The matter of my name has been a source of some serious consideration, as you might imagine. I started my life as Kelly Kennedy, and became Kelly Hines when I was adopted in the 6th grade. I always liked it...the way it flowed, and I usually used my middle initial, just to be fancy about it: Kelly M. Hines. I always envisioned that on the cover of a novel someday.
When I got married, I was happy to change it, wanting to have the same name as any future hypothetical children, as well as being excited at the sense of both belonging and arriving that my new name brought. I loved my new family, and I was proud to have that name. So I used my maiden name along with it professionally for all of my life. Three names, neat and secure. I liked it.
For obvious reasons, I needed to change that. It didn't make sense to keep my married name, clearly, and I could never understand how anyone could after a divorce. Wouldn't it somehow keep you tied forever? Wouldn't it connote a sense of belonging that would become, by definition, a great big lie? Can you really own someone else's name, even if it was your own too for a long time? I did not believe I could. And my two last names had gone together for so long, I didn't think I could have one without the other. It felt like just lobbing something off of myself, and leaving something gaping and unfinished. I also didn't like the idea of going back to my "maiden" name, which made me feel like a child, and still somehow owned by my father. I feel every minute of my age on my spirit, and while I am proud of my age, and feel like I have accomplished a great deal for 42 both personally and professionally, I just couldn't abide the idea of going backwards. In any way. And a year ago, when I was smack in the middle of this crazy journey, the idea of a single step backwards for any reason was overwhelmingly exhausting. The only way out was through and there was no turning back.
So, I decided to pick a new name for myself. I almost went with Nolan, after A Tree Grows in Brooklyn. I considered Blythe, for Anne of Green Gables. I looked back into my family tree, though, and decided on Griffin, my maternal grandmother's maiden name. I had always felt her around me, even though she passed when I was in the fourth grade. I lived with her for a good portion of my childhood, lived in her house while she was dying of cancer, and not only remembered her very vividly, but saw the best of her in my mom and Auntie, and wanted to honor that. I have a tattoo on my ankle for her, partly, and it seemed to make sense. Above all, I wanted something far from who I was before, a daily symbol of my new life, my new persona.
It's different when you are in a profession where people call you all day by your last name. I think, maybe, it takes on a new importance. I am never just Kelly. I am Ms. So-and-So, formerly a Mrs. My last name is said to me, about me, a hundred times a day, and it had to feel like mine. So, I became Ms. Griffin at school this year, and many times, kids would call my name or ask me a question, and I would not answer them. Because I did not feel like they were talking to me. It was a coat that kept me warm this year, got me through this transition, but did not quite fit right.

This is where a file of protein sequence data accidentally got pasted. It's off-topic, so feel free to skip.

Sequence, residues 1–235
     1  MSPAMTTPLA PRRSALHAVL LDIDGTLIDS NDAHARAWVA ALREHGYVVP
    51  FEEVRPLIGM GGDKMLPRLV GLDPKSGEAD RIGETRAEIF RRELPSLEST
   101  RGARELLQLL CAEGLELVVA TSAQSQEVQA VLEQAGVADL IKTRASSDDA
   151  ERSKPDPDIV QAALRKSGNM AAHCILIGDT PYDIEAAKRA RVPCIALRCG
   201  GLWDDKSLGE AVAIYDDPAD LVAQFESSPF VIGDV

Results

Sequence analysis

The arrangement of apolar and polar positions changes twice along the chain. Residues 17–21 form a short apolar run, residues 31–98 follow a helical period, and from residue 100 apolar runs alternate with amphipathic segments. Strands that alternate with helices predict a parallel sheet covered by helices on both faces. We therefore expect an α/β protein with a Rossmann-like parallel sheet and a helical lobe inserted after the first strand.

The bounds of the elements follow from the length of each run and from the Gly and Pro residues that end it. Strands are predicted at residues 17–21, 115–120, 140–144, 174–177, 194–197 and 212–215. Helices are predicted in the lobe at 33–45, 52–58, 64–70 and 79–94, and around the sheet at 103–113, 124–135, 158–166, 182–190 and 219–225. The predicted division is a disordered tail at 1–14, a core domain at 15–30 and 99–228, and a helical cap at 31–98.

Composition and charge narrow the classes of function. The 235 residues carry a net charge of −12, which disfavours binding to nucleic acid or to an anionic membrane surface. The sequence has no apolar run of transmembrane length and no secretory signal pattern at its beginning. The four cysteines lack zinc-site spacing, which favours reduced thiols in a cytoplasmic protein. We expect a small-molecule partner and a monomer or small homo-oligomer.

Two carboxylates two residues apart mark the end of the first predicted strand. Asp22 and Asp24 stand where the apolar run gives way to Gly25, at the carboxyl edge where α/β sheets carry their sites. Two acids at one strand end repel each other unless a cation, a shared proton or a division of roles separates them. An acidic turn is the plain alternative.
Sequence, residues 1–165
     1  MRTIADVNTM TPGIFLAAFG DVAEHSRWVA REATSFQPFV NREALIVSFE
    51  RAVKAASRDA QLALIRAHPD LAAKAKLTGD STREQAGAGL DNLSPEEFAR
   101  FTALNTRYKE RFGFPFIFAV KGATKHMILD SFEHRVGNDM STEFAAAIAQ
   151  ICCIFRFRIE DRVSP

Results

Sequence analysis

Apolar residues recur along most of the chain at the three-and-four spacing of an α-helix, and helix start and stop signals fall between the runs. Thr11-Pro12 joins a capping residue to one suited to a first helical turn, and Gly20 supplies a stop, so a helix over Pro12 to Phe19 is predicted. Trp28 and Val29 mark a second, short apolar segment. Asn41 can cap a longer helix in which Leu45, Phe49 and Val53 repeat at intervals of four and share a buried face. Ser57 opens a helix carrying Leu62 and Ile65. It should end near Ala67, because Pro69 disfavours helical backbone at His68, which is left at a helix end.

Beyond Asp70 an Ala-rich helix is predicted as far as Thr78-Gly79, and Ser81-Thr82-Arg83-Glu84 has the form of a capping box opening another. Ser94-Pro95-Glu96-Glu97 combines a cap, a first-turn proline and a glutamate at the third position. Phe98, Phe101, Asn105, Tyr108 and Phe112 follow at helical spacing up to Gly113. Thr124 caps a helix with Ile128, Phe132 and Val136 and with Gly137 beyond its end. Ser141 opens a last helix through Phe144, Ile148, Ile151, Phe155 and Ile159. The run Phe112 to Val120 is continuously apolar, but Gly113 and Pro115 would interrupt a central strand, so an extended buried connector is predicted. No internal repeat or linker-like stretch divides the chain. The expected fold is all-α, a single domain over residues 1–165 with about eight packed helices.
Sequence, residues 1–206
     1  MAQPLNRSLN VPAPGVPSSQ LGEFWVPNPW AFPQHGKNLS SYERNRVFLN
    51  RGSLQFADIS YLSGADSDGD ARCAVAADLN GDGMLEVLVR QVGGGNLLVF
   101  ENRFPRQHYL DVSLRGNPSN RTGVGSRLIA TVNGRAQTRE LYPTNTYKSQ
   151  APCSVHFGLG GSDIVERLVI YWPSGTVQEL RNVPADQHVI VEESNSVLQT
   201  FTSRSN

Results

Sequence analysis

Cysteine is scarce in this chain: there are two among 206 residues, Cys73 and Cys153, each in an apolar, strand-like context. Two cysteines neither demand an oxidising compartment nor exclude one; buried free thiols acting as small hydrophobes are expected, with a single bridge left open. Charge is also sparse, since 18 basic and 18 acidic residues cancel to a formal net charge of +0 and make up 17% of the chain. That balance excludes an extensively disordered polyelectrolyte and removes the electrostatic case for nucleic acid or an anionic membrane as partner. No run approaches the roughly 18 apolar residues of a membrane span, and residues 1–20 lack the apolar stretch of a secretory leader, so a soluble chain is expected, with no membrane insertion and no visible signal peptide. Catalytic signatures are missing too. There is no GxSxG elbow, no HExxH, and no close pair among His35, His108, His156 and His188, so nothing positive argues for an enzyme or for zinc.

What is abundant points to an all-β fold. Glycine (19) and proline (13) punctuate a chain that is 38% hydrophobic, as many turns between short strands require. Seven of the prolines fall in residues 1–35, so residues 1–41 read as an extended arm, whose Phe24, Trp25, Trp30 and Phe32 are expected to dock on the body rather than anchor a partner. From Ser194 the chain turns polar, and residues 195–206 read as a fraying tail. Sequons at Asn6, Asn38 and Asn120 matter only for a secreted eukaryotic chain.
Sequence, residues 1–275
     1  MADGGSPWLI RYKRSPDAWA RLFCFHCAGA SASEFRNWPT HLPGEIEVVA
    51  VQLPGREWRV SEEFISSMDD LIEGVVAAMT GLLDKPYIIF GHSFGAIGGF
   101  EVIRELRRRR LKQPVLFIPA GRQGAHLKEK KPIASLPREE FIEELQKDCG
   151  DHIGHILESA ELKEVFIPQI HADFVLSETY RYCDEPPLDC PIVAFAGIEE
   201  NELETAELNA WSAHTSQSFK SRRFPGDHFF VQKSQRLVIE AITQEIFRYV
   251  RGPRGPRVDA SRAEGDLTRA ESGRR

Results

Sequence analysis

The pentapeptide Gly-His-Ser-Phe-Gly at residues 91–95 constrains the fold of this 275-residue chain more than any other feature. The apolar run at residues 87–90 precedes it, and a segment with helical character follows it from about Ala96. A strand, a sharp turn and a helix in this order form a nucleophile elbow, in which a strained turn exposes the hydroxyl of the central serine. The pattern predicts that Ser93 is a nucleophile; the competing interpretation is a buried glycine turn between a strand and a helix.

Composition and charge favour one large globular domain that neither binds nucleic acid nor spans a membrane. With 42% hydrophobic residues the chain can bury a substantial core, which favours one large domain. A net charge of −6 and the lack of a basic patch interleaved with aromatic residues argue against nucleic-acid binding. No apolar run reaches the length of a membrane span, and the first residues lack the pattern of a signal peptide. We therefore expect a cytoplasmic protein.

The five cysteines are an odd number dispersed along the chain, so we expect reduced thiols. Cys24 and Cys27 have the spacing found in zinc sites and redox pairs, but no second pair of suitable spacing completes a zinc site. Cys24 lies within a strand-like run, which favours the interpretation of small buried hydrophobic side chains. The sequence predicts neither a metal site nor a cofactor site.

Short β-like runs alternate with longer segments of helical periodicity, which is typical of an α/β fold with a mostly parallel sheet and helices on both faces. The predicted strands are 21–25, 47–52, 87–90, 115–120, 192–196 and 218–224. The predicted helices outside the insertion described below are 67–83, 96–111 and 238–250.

When everything was finally wrapped up a few weeks ago, all tidy and legal, the judge would not let me be Kelly Griffin. I would be allowed to legally return to my "maiden" name...I REALLY hate that term...but to take on Griffin would require another petition, another proceedure, lots more phone calls, and a whole bunch of money that I don't have.
I have now spent three weeks as Kelly M. Hines. I have sat with it, rolled it around, written it in my journal, and signed my checks that way. And after a lot of careful consideration...I have decided to keep it. It doesn't feel like a step backwards, as I feared it would. It feels new and fresh, and above all, it feels like mine. Not my father's. Not my mother's. Not an unfinished phrase. It feels like me.
I only had one teaching year as Ms. Hines, my first year at Manomet, and it was glorious. My name changed halfway into my second year teaching. To go back to Ms. Hines now, as my new career is still only in its fledgling stages, feels right. I felt so invigorated in that year, with that inspiring class, one member of whom grew up to become one of my best friends. I feel so much at the beginning of something right now, just as I did then, and I can still see that plucky, enthusiastic, determined girl in the face of the woman I am now. Under the laugh lines, scars and all. Kelly M. Hines is still in there, and she is me.
I know that people will think I am flaky, especially at school. I expect a lot of "What the mother-eff is she doing now?" Three names in three years? But I can live with that. As a teacher, I know I am more than just what I say to my students. I am what I do. I am how I live. So, I am living as a person decides. Who changes her mind if she feels like it. Who is not afraid to change direction, declare a new truth when she learns it, experiment, grow, and make bold declarations. Everyone can do that, every day. We all get to decide. An important friend lately reminded me of that, and I think it all the time. It's been my mantra. I decide. And when I have new information, or new feelings, or new perceptions...guess what? I get to decide again. Still. All the time.
I choose Kelly M. Hines. Nice to meet you.